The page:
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Health care, rising costs fuel debate

Attacks fly as 25th District candidates meet in first debate.
Thursday, July 22, 2004 | 12:00 a.m. CDT; updated 6:40 p.m. CDT, Saturday, July 12, 2008

Democrat Mike Blum didn’t shy away from opportunities to attack Republican Joel Jeffries during a forum Wednesday for candidates in the 25th District House race.

From the remaining four Democratic candidates — Judy Baker, Russell Breyfogle, D. Duane Dimmitt and Lara Underwood, Jeffries got a more cordial welcome during his first formal appearance with them at back-to-back forums at Lenoir Retirement Center and Paquin Towers.

Stepping away from their usual funding for education talk, the candidates played more to the concerns of their respective audiences: health care, prescription drug prices and services and rights for people with disabilities.

The candidates all agreed on the inefficiencies of the Medicare prescription drug act of 2003 and referred to the “doughnut hole” that won’t cover drug costs between $2,251 and $5,100 a year.

Jeffries, an orthopedic surgeon and member of the Family Health Center board of directors, is running unopposed on the Republican ticket in the Aug. 3 primary for the House seat being vacated by Vicki Riback Wilson. He joined the Democratic candidates in suggesting that the Senior Rx program “be crafted” to fill in the “doughnut hole.”

One man in attendance at Lenoir who suffers from lung cancer described a recent encounter with Medicare benefits after his doctor prescribed him a new drug that would cost $2,000 per month. “What am I and other people going to do?” he said. “Give up a meal to get a pill?”

The candidates unanimously shook their heads in disbelief, but the like-minded tone didn’t last long.

“That piece of legislation sat on the floor” of the Missouri House “for a very long time and the Republican party passed on the chance to fill in that $3,000 hole,” Blum said.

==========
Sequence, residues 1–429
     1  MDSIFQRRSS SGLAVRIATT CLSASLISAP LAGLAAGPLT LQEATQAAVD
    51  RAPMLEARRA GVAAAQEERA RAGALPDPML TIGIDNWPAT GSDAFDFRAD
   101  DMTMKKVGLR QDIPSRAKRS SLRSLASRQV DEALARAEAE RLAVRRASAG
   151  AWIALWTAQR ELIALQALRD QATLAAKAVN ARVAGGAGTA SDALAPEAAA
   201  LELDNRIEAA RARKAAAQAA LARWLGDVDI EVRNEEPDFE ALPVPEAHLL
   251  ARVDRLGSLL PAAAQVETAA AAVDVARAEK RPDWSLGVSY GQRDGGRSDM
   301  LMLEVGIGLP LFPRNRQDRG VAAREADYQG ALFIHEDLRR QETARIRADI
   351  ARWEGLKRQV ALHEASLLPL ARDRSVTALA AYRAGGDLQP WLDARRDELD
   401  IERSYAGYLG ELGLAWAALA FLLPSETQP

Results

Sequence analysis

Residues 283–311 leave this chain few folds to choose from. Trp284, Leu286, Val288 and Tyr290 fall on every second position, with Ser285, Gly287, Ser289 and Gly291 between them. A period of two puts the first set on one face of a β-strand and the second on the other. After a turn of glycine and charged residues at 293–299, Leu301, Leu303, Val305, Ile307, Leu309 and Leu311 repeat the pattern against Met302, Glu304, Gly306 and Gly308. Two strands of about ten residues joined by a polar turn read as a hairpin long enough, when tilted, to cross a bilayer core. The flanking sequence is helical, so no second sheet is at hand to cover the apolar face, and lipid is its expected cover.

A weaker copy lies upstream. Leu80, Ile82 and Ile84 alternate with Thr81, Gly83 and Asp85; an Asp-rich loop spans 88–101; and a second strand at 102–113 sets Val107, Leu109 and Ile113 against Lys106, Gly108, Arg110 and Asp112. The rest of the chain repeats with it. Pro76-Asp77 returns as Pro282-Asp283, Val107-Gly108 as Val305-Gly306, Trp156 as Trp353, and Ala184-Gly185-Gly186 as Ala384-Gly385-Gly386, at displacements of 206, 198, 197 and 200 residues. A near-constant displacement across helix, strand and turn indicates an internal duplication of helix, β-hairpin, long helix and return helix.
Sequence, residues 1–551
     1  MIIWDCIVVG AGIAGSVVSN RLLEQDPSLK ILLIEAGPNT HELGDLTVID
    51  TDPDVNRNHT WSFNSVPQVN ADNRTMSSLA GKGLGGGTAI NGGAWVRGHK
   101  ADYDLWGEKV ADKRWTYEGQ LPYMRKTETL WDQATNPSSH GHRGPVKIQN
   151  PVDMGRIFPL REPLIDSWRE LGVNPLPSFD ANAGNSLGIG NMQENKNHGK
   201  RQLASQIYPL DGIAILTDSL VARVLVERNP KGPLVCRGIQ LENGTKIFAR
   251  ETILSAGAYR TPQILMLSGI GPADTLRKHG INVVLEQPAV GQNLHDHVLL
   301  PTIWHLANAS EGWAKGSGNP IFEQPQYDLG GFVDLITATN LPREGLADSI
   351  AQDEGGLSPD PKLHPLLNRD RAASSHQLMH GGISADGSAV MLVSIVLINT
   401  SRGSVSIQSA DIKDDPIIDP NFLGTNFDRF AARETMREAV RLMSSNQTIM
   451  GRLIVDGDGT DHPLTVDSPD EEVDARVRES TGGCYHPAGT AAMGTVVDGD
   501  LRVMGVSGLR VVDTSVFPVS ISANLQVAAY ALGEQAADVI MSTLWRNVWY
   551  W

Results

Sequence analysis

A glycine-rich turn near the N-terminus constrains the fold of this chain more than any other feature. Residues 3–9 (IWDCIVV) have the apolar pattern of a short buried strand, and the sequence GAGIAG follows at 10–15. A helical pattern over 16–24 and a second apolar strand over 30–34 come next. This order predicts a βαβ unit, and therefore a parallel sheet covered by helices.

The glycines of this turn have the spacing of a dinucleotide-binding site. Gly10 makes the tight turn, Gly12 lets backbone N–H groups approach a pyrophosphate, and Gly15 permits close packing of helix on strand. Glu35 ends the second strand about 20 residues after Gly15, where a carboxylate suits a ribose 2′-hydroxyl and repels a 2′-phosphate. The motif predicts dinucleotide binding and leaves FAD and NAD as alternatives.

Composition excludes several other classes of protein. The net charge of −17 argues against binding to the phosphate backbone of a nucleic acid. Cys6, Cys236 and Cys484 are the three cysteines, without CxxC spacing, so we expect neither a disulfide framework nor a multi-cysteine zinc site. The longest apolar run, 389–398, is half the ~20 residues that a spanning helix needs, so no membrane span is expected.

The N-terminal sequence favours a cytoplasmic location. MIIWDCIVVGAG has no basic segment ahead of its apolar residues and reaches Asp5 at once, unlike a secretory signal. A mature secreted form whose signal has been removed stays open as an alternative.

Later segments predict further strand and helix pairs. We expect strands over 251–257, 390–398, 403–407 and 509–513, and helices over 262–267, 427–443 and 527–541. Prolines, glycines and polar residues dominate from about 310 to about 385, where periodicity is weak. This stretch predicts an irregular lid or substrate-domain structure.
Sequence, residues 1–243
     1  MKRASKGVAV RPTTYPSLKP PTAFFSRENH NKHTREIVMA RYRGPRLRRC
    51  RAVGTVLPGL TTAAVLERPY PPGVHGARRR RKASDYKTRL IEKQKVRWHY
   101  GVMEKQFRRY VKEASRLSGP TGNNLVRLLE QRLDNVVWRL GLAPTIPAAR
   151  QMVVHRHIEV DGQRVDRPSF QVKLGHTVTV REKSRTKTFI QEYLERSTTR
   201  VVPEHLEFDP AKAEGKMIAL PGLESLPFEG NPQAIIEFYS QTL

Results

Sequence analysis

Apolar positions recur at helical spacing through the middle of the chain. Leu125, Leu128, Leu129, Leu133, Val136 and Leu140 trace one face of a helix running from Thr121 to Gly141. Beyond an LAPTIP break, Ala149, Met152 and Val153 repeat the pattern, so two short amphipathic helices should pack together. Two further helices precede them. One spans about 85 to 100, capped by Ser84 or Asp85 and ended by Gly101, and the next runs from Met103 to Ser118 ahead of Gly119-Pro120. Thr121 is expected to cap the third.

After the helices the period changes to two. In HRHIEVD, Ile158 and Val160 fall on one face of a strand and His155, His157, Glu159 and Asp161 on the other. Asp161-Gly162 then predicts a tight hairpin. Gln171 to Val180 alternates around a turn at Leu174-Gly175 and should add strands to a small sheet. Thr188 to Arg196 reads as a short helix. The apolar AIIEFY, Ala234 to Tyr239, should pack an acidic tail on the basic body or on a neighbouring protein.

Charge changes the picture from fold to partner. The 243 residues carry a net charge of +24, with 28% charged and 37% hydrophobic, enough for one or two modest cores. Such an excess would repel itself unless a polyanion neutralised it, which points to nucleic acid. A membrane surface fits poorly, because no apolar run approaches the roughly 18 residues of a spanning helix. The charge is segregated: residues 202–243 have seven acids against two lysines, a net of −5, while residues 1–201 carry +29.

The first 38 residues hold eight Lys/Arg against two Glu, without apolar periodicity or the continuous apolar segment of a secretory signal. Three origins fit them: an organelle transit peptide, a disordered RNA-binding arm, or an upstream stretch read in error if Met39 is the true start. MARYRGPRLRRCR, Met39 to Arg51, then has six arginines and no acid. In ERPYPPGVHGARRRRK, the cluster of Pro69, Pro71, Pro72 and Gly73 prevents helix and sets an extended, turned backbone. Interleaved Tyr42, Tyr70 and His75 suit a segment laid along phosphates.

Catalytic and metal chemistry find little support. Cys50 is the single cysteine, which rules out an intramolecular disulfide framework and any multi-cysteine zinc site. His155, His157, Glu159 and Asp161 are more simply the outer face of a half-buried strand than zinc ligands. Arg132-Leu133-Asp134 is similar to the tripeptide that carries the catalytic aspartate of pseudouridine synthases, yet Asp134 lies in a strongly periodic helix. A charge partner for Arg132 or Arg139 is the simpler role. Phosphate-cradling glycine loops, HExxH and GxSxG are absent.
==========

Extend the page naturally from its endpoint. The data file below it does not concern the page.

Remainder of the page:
“Lt. Gov. Joe Maxwell, Ken Jacob and Peter Kinder sponsored a bipartisan piece of legislation that was never passed,” Underwood added. “It was a beautiful piece of legislation.”

Jeffries turned the discussion in another direction. “I deal with this every day. We have to address the disparity between what we’re paying and what’s paid in other countries. In Canada they have drug control costs so we end up subsidizing their research and development costs,” Jeffries said.

The candidates also addressed malpractice insurance reform, a topic that also split along partisan lines.

The candidates generally agreed with most of the issues related to people with disabilities at the Paquin Towers forum, including funding for independent living and representing the disenfranchised.

But after Jeffries detailed his own conflicts with insurance companies, Blum responded, “The Democrats are a party that fights for the disenfranchised. Why would someone who has had to fight so much against insurance companies run as a Republican?”


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